A tradesman’s guide to CIS

Mar 31, 2023 | Construction

As a contractor who hires and pays subbies (subcontractors), you legally need to register with CIS (Construction Industry Scheme).

While subbies don’t strictly need to register, it may be a good idea.

In this post, we’ll give you all you need to know about CIS, so the next time one of the boys asks you, you’ll be able to give him a solid answer.


On the job? Here’s CIS in a nutshell

  • Contractors must be signed up to CIS.
  • subcontractors don’t have to register; however, they’ll pay 30% more tax if they don’t.
  • If subcontractors are registered, they’ll get 20% deducted from their pay.
  • CIS was set up to ensure contractors deduct National Insurance and tax from payments made to subbies.


What happens if I don’t register with CIS?

As a contractor

If you’re not registered with CIS, you’ll get fined £3,000, plus £100 for each month deductions haven’t been filed with HMRC.

It’s just not worth losing that much money, so make sure you register for the Construction Industry Scheme online and create an account. You’ll then have access to several tools that can help you manage your business accounts.

Make sure you pay HMRC once you’re registered – if you don’t submit your monthly return on time, you’ll have to pay a fixed penalty of £100.

Non-payment, or missed filing dates, also means:

  • a second fixed penalty of £200 — two months after the filing date
  • tax-geared penalty of either £300 or 5% of any deductions on the return — six months after the filing date
  • second tax-geared penalty of either £300 or 5% of any deductions on the return


As a subcontractor

If you do construction work for a contractor as a subbie, you must register as a subcontractor.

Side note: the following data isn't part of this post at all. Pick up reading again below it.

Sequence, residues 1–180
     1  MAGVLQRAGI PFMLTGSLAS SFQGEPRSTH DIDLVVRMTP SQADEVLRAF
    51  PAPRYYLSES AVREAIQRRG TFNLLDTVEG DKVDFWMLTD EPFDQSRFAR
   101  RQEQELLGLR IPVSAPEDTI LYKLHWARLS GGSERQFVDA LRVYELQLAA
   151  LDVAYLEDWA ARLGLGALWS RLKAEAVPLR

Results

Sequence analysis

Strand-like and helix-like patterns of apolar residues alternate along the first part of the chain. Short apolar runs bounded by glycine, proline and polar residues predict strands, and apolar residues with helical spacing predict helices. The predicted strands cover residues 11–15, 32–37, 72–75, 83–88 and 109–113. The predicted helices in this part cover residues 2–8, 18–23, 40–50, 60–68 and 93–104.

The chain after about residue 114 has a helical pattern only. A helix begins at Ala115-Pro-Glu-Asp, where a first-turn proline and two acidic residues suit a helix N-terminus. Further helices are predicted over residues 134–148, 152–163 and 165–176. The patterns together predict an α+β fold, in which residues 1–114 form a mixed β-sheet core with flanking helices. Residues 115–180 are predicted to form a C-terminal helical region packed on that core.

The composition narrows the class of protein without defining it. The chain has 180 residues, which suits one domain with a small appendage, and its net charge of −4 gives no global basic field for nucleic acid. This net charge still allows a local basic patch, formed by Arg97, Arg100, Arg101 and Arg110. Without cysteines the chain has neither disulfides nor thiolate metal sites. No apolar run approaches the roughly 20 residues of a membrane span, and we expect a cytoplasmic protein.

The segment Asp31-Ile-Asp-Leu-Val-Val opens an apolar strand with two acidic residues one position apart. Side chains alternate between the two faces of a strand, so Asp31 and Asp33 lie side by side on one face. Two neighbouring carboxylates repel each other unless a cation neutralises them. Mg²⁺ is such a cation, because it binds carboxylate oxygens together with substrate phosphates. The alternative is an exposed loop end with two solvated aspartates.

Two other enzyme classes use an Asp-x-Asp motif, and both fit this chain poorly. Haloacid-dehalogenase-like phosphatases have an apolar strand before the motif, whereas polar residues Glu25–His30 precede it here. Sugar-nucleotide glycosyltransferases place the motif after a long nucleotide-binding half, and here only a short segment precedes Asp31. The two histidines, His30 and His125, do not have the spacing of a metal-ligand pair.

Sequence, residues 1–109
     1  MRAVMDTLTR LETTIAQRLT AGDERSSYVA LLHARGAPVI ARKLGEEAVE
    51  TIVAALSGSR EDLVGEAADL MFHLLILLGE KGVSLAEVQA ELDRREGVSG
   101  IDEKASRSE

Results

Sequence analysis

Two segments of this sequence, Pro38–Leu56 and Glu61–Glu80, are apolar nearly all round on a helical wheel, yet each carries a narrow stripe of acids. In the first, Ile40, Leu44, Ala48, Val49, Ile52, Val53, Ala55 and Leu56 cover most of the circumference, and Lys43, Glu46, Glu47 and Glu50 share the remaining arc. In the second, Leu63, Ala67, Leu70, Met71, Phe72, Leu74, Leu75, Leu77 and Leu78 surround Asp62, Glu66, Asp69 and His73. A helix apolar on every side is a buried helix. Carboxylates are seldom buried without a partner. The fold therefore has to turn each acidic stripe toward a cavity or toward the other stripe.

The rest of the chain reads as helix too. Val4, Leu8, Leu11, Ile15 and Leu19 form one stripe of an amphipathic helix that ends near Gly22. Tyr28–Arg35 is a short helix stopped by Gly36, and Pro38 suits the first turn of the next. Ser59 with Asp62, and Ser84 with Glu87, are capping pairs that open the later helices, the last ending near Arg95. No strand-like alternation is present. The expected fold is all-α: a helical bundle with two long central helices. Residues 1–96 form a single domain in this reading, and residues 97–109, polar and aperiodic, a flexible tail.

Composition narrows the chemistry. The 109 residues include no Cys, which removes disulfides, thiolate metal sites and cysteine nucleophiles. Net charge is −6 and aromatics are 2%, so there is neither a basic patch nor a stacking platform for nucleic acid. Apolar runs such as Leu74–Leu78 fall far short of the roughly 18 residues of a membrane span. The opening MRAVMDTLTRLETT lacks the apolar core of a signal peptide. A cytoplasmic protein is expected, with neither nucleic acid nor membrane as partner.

You can be registered as a contractor and a subbie at the same time, so if your line of work crosses over, don’t stress. This is normal.

If you do work for other businesses as well as your own with your subbies, you’ll still need to register. This means you must behave like a contractor or subcontractor according to your job.

If you don’t register for CIS, you’ll have to pay a 30% tax rate — if you’re registered, you’ll get 20% deducted from your pay.


How do deductions work?

If you want to understand the process in full, read the CIS guide on the gov website. It’s not the most exciting read, but it covers everything in detail.


As a contractor

Make sure your subbies are registered with HMRC. Or at least find out first hand whether they are or not. This will make it easier to calculate deductions when they’re paid.

You’ll then need to deduct any tax or National Insurance from your subbies pay and pass this on to HMRC.

Ensure to check through payslips and get the correct dates ahead of time to avoid potential penalties.

You can verify a subcontractor’s status on the gov.uk website.

To make deductions, use the online PAYE and National Insurance payment system, and include the following:

  • the subcontractor’s details
  • details of the payments made, and any deductions withheld
  • a declaration that the employment status of all subcontractors has been considered
  • a declaration that all subcontractors that need to be verified have been verified


As a subcontractor

You have to pay any tax owed, but the reporting of how much tax and National Insurance you have to pay is set by the contractor.

We’d say it’s worth finding out how much you’ll owe ahead of time, however.


What’s covered by CIS?

The scheme includes construction work on:

  • permanent or temporary buildings or structures
  • civil engineering work like roads and bridges

Construction work in the UK (even if you’re registered overseas) includes:

  • site prep – for example, laying foundations and doing access works
  • demolition and dismantling
  • building work
  • alterations, repairs and decorating
  • installing systems for heating, lighting, power, water and ventilation
  • cleaning the inside of buildings after construction work.

You don’t need to register with CIS if you’re a contractor in these areas:

  • architecture and surveying
  • scaffolding hire (with no labour)
  • carpet fitting
  • making materials used in construction, including plant and machinery
  • delivering materials
  • work on construction sites that’s clearly not construction – for example, running a canteen or site facilities.


A lot to take in? Talk to us

CIS is a ballache, we get it. But that’s why we’re here to get you sorted.

We’ve dealt with tradies and CIS for a long time. Not only do we understand the law, but we’re also bloody good at it.

Get in touch to talk about CIS and all things subbie, contractor and getting cheesed off at legislation.

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